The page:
February 25, 2013

Drop 'Bows On 'Em!

Welcome back to another fun filled post on Food And Such Things. This time around, it's a review of a cool little place located across the street from the Los Cerritos Center. Elbows Mac n' Cheese is the name, and servin' up bangin' macaroni and cheese is their game. So, just how good is their game? You are about to find out.

Elbows is located in the Cerritos Promenade. It's right next to a Starbucks, and it's got a lot of competition food wise in a small area. There are lots of places to eat just in the promenade, not to mention a mall across the street with tons of places to eat. So, why even mention that? Because this place is doing something different. To open a restaurant that specializes in mac n' cheese is risky. To open a restaurant based around an "All American" food in a culturally diverse city like Cerritos is almost insane. But, through all the risk and craziness, stands a unique and fun eatery.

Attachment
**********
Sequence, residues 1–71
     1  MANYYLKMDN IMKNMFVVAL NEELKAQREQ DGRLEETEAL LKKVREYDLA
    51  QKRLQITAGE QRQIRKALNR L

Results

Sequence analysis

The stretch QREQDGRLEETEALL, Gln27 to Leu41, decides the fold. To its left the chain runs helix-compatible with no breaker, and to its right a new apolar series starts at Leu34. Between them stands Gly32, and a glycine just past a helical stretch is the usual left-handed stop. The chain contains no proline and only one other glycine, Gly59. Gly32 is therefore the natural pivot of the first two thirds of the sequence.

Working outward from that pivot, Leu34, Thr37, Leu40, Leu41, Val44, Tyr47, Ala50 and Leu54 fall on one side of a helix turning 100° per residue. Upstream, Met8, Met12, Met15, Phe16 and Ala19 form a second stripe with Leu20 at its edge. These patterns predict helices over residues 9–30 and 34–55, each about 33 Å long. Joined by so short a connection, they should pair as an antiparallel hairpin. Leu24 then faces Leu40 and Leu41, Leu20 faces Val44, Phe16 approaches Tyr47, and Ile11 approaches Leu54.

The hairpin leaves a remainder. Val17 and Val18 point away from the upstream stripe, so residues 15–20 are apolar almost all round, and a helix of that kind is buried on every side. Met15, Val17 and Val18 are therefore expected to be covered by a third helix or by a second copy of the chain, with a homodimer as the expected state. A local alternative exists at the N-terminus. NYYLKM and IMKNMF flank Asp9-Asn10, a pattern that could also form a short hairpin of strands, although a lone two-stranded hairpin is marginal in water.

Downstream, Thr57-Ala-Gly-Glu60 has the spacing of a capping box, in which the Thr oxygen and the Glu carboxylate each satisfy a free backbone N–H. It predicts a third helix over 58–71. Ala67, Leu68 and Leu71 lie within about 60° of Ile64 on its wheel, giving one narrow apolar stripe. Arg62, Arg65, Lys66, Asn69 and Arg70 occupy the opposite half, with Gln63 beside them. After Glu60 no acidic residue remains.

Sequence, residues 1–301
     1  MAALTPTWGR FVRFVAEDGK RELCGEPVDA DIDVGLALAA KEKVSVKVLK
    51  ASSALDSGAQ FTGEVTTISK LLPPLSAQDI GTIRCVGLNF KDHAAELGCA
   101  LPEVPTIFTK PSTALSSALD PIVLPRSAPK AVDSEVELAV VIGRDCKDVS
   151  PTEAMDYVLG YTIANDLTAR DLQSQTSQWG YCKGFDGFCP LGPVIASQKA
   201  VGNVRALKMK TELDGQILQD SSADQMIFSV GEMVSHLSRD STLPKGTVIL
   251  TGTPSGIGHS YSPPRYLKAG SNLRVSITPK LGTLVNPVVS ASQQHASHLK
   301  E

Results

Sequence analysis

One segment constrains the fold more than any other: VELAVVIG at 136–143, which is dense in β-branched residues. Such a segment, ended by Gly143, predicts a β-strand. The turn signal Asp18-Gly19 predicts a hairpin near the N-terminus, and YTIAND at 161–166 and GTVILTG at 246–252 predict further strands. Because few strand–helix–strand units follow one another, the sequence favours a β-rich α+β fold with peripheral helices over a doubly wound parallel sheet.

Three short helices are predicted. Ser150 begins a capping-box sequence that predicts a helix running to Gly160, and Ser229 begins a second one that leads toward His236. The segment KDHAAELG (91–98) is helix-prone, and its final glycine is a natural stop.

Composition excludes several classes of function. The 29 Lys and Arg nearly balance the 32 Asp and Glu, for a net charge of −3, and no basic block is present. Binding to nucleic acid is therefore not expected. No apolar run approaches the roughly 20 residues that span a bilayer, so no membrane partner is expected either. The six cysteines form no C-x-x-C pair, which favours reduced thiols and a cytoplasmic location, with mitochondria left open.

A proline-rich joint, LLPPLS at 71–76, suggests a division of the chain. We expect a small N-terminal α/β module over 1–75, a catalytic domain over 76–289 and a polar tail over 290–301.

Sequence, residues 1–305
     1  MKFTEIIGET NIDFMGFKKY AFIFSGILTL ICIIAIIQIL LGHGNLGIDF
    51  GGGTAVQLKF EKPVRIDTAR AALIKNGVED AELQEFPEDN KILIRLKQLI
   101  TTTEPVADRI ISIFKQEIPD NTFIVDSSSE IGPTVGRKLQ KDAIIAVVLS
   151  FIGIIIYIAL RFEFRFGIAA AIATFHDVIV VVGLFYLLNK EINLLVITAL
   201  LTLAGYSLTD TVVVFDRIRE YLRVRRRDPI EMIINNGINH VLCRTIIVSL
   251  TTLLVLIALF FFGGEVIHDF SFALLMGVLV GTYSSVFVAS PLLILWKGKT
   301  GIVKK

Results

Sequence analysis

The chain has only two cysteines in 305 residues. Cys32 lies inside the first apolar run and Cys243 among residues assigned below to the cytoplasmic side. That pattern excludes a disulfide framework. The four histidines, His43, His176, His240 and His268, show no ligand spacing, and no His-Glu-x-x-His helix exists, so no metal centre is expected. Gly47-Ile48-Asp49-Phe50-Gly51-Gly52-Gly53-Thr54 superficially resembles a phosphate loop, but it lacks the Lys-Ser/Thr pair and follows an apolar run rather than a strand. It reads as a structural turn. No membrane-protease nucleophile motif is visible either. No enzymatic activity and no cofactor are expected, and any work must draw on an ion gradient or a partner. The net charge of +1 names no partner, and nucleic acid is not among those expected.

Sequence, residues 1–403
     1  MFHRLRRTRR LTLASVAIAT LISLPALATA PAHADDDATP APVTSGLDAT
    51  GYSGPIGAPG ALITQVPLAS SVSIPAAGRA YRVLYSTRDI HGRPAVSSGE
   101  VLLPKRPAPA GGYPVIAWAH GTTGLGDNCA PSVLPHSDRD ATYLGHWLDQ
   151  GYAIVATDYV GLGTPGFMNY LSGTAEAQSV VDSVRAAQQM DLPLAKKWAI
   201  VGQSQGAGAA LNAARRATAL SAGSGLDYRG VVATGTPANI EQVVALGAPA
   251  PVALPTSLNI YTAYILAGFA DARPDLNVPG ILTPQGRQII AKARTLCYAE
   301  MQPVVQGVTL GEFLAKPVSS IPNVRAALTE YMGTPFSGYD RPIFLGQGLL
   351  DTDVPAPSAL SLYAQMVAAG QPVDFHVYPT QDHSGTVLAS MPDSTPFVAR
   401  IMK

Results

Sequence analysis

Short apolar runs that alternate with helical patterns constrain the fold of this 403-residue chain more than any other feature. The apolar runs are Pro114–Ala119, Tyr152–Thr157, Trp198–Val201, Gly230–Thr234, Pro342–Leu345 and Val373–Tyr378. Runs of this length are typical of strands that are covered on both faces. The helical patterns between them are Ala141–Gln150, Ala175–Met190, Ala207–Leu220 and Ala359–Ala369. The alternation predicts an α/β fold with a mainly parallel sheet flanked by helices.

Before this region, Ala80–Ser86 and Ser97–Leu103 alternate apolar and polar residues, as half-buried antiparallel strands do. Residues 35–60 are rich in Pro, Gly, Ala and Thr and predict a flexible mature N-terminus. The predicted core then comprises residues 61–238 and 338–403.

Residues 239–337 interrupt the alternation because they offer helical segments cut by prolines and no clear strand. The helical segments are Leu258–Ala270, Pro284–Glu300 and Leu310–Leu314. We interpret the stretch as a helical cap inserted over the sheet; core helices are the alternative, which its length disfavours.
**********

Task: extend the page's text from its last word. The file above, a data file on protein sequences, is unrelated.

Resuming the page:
One of the cool things about mac n' cheese is that the two main ingredients are things that most people can get down with. I think most people like pasta in one form or another, and cheese is right up there in that same category. From there, all you have to do is tinker with the extra ingredients to please the masses.

This recent venture to Elbows was my second trip there. My first time visiting, I ordered an Indian spiced mac n' cheese, and it was really good. Bold flavors and a healthy amount of heat. Since that was a while back, I'm not get caught up with that right now.

Like I said earlier, mac n' cheese is their business.They do have some appetizers and salads, but mac n' cheese is really why you are going there. You can go with a pre-set mac n' cheese, like a Hamburger Mac or Lobster Mac, or build your own with a large list of ingredients to choose from. This time around, I chose the Caprese Mac. As you can guess, it had the components of a caprese salad. Except for the balsamic.